Comprehensive Exam – utilizing i-CAT™ CBCT within Tx STUDIO™ software, Joint Vibration Analysis (BioResearch), Motor Nerve Reflex Evaluation (orthopedic reflex evaluation), and detailed intraoral and extraoral documentation (Figures 2-4).
Acculator – all of my appliances are fabricated to a phonetic bite and mounted to HIP (Hamular Incisive Papilla Axis/Plane) on an Acculator (Figures 5-7).
This helps ensure that the patients’ occlusal plane cant is taken into consideration so it is built to the patient’s anatomy, not on a bench top or to a facebow that assumes symmetry. Note the photo above to see how the right side requires far more material than the left side (Figures 7-8).
Without an Acculator, this could not be predictively fabricated. There is no other way to line up asymmetries because most of our patients aren’t symmetrical. After surgery and receiving his oral appliance, Bill improved from severe apnea to within normal limits with a post treatment AHI of 4.5 (Figure 9).Bill is now walking 3 miles most days and is able to enjoy life. When he goes on vacations with his family, he no longer has to have his own hotel room. He is eager to speak with others about his successful treatment, and has even attended local community lectures to give live testimonials. He is more than a patient now; he is a friend to me and my team. It is with the knowledge that I have gained from patients such as Bill, together with collaboration with my skilled medical colleagues that has allowed me to build a full-time TM/Sleep practice in less than 12 months. I never thought I’d retire from general dentistry at the age of 29! Every patient is different and requires a comprehensive evaluation and walking through the four points of breathing obstructions. The best outcomes are achieved by being “nosy” about how our patients are breathing and making thoughtful referrals to collaborate with our talented colleagues. We cannot do this alone, and our patients deserve a collaborative approach to achieve optimal health.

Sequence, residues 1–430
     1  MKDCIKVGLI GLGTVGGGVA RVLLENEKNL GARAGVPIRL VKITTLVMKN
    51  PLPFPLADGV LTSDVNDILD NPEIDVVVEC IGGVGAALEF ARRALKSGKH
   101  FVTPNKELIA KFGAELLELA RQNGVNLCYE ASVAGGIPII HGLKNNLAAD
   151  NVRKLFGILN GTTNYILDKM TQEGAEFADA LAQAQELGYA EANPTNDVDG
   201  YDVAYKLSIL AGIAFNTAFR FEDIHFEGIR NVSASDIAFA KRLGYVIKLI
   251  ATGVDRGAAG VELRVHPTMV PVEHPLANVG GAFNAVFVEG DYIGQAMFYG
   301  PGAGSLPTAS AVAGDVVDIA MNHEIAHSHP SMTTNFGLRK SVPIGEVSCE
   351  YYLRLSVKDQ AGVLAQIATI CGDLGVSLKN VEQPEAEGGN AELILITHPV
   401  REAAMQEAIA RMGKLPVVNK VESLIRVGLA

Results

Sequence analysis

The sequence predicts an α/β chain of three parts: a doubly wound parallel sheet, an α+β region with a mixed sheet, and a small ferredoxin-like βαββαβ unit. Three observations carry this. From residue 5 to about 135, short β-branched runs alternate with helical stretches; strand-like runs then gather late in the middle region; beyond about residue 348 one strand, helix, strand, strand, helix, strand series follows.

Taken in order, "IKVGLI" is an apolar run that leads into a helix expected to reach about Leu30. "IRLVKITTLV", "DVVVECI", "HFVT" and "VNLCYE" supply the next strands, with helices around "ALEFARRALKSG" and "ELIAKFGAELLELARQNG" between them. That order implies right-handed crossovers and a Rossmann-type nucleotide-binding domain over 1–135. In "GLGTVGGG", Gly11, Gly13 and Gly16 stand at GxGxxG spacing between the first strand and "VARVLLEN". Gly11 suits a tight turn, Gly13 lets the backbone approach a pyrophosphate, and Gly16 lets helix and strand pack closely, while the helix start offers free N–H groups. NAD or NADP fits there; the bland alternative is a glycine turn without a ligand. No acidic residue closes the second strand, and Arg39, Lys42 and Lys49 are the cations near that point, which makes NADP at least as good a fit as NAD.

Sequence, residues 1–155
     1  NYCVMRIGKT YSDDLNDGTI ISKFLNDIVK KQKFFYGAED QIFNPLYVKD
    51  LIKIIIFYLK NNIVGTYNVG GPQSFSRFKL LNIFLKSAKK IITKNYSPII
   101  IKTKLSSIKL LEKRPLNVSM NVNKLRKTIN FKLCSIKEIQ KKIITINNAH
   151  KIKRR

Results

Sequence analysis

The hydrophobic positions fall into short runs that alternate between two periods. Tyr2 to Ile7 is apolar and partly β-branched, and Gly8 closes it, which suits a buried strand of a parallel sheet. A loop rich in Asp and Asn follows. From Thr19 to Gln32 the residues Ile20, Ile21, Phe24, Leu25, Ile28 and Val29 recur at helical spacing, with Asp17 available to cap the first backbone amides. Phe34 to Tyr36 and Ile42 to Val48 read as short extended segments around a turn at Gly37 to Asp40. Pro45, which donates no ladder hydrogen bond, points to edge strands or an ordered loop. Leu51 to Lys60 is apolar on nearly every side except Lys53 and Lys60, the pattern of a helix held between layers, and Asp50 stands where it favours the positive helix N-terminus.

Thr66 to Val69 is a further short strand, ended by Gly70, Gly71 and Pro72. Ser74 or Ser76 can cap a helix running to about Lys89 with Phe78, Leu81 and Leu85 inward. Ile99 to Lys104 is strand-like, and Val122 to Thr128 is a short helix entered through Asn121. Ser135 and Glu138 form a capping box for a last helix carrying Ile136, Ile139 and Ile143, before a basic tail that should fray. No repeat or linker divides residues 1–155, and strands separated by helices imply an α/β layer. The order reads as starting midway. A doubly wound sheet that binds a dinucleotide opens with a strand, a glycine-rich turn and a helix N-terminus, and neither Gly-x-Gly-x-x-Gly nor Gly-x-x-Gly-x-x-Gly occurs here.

- Olmos S. CBCT in the evaluation of airway – minimizing orthodontic relapse. Orthodontic Practice US. 2015;6(2):46-49.
- Zeng B, Ng AT, Quian J, Petocz P, Darendeliler MA, Cistulli PA. Influence of nasal resistance on oral appliance treatment outcome in obstructive sleep apnea. Sleep. 2008; 31(4):543-547.
- Gupta N, Goel N, Kumar R. Correlation of exhaled nitric oxide, nasal nitric oxide and atopic status: A cross-sectional study in bronchial asthma and allergic rhinitis. Lung India. 2014;31(4):342-347.
- Michels Dde S, Rodriques AM, Nakanishi M, Sampaio AL, Venosa AR. Nasal involvement in obstructive sleep apnea syndrome. Int J Otolaryngol. 2104. 2014:717419.doi:10.1155/2014/717419. Epub 2014 Nov 20.
- Fitzpatrick MF, McLean H, Urton AM, Tan A, O’Donnell D, Driver HS. Effect of nasal or oral breathing route on upper airway resistance during sleep. Eur Respir J. 2003;22(5):827-832.
- McLean HA, Urton AM, Driver, HS, Tan AK, Day AG, Munt PW, Fitzpatrick MF. Effect of treating severe nasal obstruction on the severity of obstructive sleep apnoea. Eur Respir J. 2005;25(3): 521-527.
- Singh GD, Olmos S. Use of sibilant phoneme registration protocol to prevent upper airway collapse in patients with TMD. Sleep Breath. 2007;11(4):209-216. DOI 10.1007/s11325-007-0104-3.